Sunday, September 15, 2013

Shirley MacLaine: Merry Widow

This week came the good news that Broadway dancer-turned-Hollywood movie star Shirley MacLaine will be a recipient of Kennedy Center Honors along with Carlos Santana, Herbie Hancock and Billy Joel. Great line-up.  I totally dig Shirley MacLaine.  She's a wonderful screen actress and a good writer.  I've read a number of her books.  They're all candid, intelligent, witty and provocative.  Back in her early Hollywood days, she was known for having an open marriage.  For someone who had a reportedly open marriage and some lively love affairs (according to her books), she sure has played a lot of widows in her film career.  And widowhood worked for her!  After she was discovered on Broadway in the musical comedy, The Pajama Game, she made her movie debut playing a young widow in the autumnal Alfred Hitchcock murder mystery/comedy, The Trouble with Harry (1955).  That kicked off a very successful and long film career.

Opposite David Niven, She starred as an Indian princess who was widowed in the Oscar winner for Best Picture of 1956, Around the World in 80 Days.

She kept losing husbands and getting richer in What A Way To Go! (1964).
The poor little rich girl didn't want wealth.  She wanted a simple life.  But, in the meantime, the money allowed her to sing and dance with Gene Kelly...

...and have other fabulous leading men like Robert Mitchum and Paul Newman. AND... equally fabulous costumes designed by Edith Head.  This big deluxe satire is one of my favorite feel-good movies.  Shirley is one-woman fashion show in it.




           

She was a young widow being hit on at her husband's funeral.  Peter Sellers plays the flirt in the first episode of Vittorio De Sica's Woman Times Seven (1967).

 Not having a husband really paid off for her when she worked for director, screenwriter and producer James L. Brooks.  He cast her as the exasperating but loving widowed mother in Terms of Endearment.  MacLaine seemed born to play Aurora Greenway.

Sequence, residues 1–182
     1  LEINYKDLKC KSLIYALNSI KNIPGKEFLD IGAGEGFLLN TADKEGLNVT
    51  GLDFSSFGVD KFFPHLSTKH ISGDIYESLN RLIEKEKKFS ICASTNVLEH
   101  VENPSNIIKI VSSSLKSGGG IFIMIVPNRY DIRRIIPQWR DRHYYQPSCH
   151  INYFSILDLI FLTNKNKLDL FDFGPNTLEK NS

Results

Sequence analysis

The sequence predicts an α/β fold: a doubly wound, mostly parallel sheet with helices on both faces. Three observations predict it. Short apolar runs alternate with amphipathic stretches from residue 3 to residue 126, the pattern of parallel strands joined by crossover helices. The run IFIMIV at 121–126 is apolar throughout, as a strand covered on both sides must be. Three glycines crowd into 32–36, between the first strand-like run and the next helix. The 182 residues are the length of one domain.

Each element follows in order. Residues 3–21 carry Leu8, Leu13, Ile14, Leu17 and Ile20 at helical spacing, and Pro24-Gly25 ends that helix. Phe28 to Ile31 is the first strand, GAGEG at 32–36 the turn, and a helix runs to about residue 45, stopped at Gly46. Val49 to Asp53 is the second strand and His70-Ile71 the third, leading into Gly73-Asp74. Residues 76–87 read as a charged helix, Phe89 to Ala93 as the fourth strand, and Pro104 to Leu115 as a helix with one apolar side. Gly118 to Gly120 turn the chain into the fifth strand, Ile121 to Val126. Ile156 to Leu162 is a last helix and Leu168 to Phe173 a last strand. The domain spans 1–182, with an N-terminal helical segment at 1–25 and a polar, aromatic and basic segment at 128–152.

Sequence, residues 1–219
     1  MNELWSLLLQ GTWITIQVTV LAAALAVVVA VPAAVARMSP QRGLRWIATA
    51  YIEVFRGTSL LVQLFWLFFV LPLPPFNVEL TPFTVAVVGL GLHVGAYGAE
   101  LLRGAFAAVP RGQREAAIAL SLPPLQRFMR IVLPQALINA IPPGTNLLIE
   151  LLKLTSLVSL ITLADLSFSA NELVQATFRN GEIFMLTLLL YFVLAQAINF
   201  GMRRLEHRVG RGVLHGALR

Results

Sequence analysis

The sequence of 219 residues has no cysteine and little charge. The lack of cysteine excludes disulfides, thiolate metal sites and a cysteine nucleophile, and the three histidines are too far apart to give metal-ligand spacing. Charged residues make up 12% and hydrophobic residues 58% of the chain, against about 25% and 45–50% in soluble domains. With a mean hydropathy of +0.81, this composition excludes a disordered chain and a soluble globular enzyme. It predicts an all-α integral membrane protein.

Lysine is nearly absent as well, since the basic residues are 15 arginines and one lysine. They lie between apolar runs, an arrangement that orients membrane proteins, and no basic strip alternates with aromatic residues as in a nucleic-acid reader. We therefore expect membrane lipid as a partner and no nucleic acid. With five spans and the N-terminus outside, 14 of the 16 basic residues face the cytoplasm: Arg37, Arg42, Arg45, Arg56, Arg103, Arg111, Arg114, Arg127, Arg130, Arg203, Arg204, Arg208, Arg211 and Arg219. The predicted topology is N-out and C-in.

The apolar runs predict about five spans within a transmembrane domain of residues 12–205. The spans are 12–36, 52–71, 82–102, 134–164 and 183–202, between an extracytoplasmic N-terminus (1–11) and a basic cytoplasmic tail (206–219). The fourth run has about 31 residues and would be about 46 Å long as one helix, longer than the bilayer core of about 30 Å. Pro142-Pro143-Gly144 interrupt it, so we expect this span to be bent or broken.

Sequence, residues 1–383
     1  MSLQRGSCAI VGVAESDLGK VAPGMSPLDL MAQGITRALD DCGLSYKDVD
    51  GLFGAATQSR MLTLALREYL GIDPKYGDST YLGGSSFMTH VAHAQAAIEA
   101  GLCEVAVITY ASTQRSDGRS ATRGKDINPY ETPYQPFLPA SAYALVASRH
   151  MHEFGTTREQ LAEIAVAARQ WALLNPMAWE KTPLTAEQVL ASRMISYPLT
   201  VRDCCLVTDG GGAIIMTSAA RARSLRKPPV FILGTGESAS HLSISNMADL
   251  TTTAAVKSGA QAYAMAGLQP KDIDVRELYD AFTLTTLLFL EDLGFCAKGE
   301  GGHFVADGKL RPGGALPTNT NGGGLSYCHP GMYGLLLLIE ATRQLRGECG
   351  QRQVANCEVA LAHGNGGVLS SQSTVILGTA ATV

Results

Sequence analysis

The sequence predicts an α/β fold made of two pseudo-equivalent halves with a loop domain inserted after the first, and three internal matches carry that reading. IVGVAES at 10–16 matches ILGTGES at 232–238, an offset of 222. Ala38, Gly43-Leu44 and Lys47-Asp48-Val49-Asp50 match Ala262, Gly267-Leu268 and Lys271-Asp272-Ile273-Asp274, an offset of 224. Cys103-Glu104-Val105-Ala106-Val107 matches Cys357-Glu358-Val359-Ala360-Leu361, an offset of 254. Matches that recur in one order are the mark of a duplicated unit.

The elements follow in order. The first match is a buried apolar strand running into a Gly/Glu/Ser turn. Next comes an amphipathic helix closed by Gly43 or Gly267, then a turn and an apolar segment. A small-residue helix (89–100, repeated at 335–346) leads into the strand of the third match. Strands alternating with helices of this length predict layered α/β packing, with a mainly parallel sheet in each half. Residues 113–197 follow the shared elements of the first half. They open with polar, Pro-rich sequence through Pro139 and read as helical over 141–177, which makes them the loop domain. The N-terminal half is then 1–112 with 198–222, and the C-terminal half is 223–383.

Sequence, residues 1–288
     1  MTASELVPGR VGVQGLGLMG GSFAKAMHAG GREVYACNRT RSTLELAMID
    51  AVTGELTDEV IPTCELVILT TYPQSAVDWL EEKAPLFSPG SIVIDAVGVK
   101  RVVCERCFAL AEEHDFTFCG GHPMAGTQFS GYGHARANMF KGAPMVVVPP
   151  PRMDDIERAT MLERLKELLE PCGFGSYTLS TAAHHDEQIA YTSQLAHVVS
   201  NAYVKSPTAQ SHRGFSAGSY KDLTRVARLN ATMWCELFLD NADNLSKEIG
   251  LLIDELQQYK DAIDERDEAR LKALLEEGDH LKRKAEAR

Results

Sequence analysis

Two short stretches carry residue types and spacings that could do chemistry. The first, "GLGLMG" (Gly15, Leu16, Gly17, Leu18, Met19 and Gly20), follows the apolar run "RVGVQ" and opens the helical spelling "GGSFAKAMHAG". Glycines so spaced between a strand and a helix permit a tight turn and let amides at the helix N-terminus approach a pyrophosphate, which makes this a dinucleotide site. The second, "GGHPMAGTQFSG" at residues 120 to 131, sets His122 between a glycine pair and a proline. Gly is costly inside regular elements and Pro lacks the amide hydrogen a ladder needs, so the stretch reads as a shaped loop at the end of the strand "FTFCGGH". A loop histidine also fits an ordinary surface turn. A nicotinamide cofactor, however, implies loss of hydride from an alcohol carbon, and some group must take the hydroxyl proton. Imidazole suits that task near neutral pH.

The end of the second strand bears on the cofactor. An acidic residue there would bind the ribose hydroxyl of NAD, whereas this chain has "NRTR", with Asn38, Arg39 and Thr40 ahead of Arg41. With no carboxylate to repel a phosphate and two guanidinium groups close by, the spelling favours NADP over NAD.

The Academy thought so too.  She won the Oscar for Best Actress, Jack Nicholson won for Best Supporting Actor and the movie was voted Best Picture.  Brooks won Oscars for directing, writing and producing the Best Picture of 1983. They hit a Hollywood gold mine.

When the Best Actress Oscar winner was a guest on my VH1 talk show, I asked Shirley MacLaine about her accent for James L. Brooks in Terms of Endearment.
Shirley eventually did use that originally-planned accent.  She used it playing another widow -- the constantly cranky Oiuser in the 1989 hit, Steel Magnolias.


She should've been up for Best Supporting Actress and Jack Black should've been up for Best Actor in Bernie.  Not only was she a widow in that movie too, based on a real-life murder case, she was the richest and meanest woman in the whole damn Texas town.
The only person she seems to care for is the shy, lonely and beloved funeral director named Bernie.  They become an odd couple.  This black comedy was one of my favorite films of 2011.  MacLaine was in top form.  She and Jack Black are excellent in Bernie.

Today, Shirley MacLaine has more fans thanks to her arrival on the hit PBS British TV series, Downtown Abbey, co-starring fellow Best Actress Oscar winner, Maggie Smith.

And guess what?  Shirley's character...is a flamboyant American widow.  This could all be some past life karma that Shirley has worked out in her film and TV roles.

From Broadway musicals to starring roles in films, three of which won the Oscar for Best Picture (Around the World in 80 Days, Billy Wilder's The Apartment and Terms of Endearment), to writing best-selling books with independent views on Hollywood fame, feminism, politics, spirituality and even UFOs to now having a hit TV series to her credit, Shirley MacLaine has earned that Kennedy Center salute.  The artists are chosen for "...elevating the cultural vibrancy of our nation."  She has definitely done that.


The only thing Shirley MacLaine hasn't done has been to star opposite her famous actor/director brother, Oscar winner Warren Beatty, in a film or television project.

The Kennedy Center Honors special will air on CBS this coming December.  Congratulations, Shirley.






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